Europe’s Piecemeal Failure

"The problems in the euro zone have exposed .... a political crisis alongside the economic one."

From Alistair Darling, the New York Times:  When I look at events in Europe today, with Ireland getting bailed out and talk of crises brewing elsewhere on the continent, I am reminded of the weeks leading up to the banking crisis in 2008. As the credit crunch began and banks found it increasingly difficult to get access to funding, policy makers faced a choice: deal with the problem in a piecemeal way, or address the root causes immediately.

For too long many policy makers opted to fudge their approach; they dealt with the problem bank by bank and refused to recognize the system’s fundamental flaws.

As a result, we saw Lehman Brothers go bankrupt, Bear Stearns bought up in a fire sale and a major British bank come within hours of collapse.

During that summer I realized that unless we put a firewall in place to prevent the crisis from spreading, we would face a catastrophe in the banking sector and the wider economy. That’s why I took the controversial step of injecting billions of pounds into the banking system to stabilize it. By tackling the fundamental problem, the lack of capital in banks, we stopped a meltdown. It was drastic action, but I have no doubt that it worked.

The same approach is now urgently needed for European economies. It is not enough for the euro zone nations to bail out each economy as it falls into a crisis — they must address the root causes of the continent’s problems. …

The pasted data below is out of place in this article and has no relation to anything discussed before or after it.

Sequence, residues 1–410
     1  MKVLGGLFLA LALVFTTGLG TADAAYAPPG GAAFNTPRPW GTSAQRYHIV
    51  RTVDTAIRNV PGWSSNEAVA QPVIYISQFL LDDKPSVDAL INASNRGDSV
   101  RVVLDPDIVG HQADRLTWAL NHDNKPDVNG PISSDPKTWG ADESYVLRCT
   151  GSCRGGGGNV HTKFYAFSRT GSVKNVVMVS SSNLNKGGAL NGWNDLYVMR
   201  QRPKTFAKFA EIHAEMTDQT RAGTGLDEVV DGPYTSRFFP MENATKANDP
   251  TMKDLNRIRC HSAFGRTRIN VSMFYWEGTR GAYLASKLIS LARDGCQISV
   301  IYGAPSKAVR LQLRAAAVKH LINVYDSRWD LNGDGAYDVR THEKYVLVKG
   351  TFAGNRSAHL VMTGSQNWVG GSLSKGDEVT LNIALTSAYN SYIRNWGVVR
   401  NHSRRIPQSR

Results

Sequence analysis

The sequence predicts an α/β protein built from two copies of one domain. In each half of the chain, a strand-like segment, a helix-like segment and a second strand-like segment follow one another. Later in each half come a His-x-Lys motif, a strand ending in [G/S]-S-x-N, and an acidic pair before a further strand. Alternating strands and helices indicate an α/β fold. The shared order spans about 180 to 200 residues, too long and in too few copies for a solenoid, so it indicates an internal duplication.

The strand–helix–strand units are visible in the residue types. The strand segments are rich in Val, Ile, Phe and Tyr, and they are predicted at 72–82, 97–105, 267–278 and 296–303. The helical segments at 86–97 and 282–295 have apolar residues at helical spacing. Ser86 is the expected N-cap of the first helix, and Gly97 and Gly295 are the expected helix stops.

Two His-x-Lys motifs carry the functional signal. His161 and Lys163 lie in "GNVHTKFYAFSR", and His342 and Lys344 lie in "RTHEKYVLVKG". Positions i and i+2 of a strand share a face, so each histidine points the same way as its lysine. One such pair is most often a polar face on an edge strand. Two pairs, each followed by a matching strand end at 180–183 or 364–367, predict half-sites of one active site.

I have spoken with too many European politicians who, when I ask them where growth will come from in the future, say they can’t be sure. But without a clear path forward, we will see minimal growth for Europe’s stronger economies; for those in danger already it could be disastrous.

We cannot go on like this. The crisis in the euro zone is the single largest threat to the fragile global recovery we are now seeing. And this is not just a problem for Europe. It matters to us in Britain, as well as to the United States and Asia.

At last year’s Group of 20 meetings in London, the participating countries agreed to stabilize the international banking system and to stimulate the world economy. Further progress was made in Pittsburgh six months later. There was real political will to do what was necessary.

That momentum has now been lost, and it will not be regained without greater involvement from the major economies. Decisive action, confronting the underlying causes of this crisis, is now imperative.

Alistair Darling, a member of the British Parliament, was the chancellor of the Exchequer from 2007 to 2010.  (photo: Espen Friberg/New York Times)

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